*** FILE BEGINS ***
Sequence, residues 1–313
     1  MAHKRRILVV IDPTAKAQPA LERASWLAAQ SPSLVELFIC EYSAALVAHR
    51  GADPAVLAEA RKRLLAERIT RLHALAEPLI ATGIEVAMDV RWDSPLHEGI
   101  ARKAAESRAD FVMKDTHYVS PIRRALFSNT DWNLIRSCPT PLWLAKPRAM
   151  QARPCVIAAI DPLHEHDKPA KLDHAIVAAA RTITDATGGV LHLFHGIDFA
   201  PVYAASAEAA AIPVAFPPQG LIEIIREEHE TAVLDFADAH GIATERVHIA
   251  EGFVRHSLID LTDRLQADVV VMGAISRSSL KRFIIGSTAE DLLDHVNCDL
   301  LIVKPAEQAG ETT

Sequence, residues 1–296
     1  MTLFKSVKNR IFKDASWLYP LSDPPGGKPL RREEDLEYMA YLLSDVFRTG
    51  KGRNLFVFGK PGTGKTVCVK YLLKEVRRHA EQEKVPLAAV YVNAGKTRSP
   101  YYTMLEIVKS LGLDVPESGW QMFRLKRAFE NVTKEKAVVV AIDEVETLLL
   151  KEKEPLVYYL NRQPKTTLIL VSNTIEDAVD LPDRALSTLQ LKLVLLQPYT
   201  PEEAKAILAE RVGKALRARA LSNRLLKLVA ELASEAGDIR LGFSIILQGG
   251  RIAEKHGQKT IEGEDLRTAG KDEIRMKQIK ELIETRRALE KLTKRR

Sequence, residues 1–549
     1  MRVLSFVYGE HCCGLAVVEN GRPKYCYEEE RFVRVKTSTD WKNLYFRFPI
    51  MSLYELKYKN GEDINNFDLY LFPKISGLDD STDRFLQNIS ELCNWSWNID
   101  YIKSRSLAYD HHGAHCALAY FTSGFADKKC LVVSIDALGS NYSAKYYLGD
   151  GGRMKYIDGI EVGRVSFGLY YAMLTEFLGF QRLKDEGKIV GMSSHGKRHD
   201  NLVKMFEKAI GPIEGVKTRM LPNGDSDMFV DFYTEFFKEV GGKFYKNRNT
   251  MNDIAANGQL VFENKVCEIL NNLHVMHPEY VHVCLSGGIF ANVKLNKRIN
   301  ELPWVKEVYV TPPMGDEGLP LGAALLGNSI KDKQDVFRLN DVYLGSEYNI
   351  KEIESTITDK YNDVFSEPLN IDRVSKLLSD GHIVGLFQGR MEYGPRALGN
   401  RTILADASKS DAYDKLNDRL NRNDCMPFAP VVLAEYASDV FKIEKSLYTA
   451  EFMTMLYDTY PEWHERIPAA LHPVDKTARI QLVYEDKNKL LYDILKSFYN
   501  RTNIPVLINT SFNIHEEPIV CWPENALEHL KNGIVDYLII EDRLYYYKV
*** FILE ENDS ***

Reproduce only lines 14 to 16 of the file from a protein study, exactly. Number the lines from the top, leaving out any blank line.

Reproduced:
   201  PEEAKAILAE RVGKALRARA LSNRLLKLVA ELASEAGDIR LGFSIILQGG
   251  RIAEKHGQKT IEGEDLRTAG KDEIRMKQIK ELIETRRALE KLTKRR

Sequence, residues 1–549